Every acquirer should have an anti-fraud system to monitor the merchant’s daily activity. The acquirer is potentially liable for the fraud losses perpetrated by the merchant, including merchants engaged in deceptive or misleading practices. A merchant can also directly defraud acquirer by such means as factoring and draft laundering. The acquirer’s ability to quickly detect merchant fraud is important in controlling the possible losses. A merchant’s fraud can be extremely costly if not discovered quickly.
Fraud identification is crucial for any acquirer as it leads to primary losses from acquiring, if not managed properly. In order to detect the perpetration of fraud, the first and foremost measure is the monitoring of chargebacks on an ongoing basis. Furthermore, it is important to assess the visits to the website and evaluate them against the number of acquired transactions. Other factors that should be considered include:
- Multiple purchases of the same amount;
- Multiple use of the same cardholder number;
- Multiple requests from the same IP address;
- Multiple refunds;
- The number of authorisations declined.
Furthermore, the issues with ongoing monitoring can arise with the high-volume and high-risk merchants and/or when the acquirer’s policy has not addressed the frequency of reviews and the size of merchants requiring reviews on an ongoing basis. Whenever designing occasional reviews for the monitoring program acquirer’s management should consider the volume, concentrations, high-risk industries, and chargeback history of a particular merchant or the type of merchants. In order to see the exact steps that could be undertaken for a robust merchant monitoring in terms of transaction laundering and card fraud prevention solutions.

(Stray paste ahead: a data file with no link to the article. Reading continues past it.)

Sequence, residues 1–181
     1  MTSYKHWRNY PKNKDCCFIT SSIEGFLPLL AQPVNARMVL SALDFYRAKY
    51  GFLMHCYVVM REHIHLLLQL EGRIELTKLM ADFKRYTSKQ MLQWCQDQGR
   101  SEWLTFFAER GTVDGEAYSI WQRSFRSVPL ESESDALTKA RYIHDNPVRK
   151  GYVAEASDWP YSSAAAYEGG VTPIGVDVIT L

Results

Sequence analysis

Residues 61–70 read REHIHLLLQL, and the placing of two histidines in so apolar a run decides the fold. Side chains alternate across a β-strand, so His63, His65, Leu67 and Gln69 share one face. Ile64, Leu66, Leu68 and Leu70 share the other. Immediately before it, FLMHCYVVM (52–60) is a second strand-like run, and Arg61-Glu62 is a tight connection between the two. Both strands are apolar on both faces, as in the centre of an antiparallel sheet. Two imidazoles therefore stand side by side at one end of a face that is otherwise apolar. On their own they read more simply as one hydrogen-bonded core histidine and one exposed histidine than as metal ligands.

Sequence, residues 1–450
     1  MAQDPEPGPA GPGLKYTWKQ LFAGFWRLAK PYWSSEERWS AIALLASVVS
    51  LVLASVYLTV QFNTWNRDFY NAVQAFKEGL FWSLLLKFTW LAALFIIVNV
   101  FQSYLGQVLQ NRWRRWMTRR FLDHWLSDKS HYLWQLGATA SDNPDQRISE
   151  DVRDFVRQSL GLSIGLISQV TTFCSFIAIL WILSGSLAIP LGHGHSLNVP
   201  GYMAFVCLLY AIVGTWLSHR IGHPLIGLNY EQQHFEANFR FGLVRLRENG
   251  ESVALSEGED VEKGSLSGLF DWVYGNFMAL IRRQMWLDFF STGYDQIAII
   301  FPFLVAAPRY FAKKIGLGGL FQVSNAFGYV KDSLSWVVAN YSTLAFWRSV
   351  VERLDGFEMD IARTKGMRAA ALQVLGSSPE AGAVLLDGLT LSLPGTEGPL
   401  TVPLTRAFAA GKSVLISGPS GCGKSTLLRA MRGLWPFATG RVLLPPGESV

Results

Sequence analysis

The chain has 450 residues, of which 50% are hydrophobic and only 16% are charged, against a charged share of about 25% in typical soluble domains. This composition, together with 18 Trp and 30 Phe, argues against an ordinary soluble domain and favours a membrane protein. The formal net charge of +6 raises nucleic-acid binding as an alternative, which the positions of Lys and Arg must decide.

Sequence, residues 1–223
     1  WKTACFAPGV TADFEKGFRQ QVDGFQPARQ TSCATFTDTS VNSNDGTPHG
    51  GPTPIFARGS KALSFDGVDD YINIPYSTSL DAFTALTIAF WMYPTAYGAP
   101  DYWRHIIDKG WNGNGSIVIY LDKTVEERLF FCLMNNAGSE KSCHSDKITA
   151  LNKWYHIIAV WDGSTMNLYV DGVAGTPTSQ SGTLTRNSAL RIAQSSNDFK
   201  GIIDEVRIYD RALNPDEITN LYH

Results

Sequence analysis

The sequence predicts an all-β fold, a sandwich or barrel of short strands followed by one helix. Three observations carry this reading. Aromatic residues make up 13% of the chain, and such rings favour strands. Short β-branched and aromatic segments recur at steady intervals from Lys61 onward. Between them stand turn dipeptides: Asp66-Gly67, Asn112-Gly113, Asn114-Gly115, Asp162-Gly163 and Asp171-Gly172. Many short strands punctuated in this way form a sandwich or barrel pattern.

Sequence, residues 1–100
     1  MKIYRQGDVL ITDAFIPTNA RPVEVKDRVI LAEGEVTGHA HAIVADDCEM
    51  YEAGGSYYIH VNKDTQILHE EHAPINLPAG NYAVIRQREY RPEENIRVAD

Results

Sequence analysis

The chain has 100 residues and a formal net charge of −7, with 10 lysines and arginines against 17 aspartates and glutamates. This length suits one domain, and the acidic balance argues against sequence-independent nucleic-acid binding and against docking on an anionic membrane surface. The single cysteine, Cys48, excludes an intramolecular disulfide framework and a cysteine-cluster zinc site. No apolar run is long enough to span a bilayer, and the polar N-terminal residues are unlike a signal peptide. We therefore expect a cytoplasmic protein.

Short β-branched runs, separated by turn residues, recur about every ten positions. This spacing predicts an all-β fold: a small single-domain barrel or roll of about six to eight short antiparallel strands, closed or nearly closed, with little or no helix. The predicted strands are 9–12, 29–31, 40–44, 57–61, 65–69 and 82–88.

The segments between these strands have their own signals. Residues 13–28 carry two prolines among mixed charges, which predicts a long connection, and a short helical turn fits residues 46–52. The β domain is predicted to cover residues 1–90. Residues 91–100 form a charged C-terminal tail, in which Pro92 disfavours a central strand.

Risks versus return
Most often the level of risk undertaken will correlate to the returns that the acquirer is receiving from the processing services. The higher risk merchants bring higher revenue within shorter timeframes than the same volume of transactions processed for low-risk merchants. However, if the risk is managed inadequately, the institution will fail sooner than any of the revenues could be successfully realised. Therefore, it is essential to design a proportionate and robust risk management framework which would be both not too restrictive (as merchants would not pass the underwriting, or it would be too time-consuming and they would decide not to proceed with the onboarding) and efficient (in the sense that it would minimise the identified risks). Merchant risk management measures should commensurate to the institution’s size, strategic direction, and financial resources. Without considering all the particulars, it is impossible to efficiently manage the risks within the acquirer’s institution.
If you are unsure of how to design or improve your risk management framework, you should seek expert advice. Thankfully, you are in the right place and can benefit from management consulting services offered by PSP Lab. Reach out to us in order to maximise your returns whilst mitigating the risks to the highest possible extent.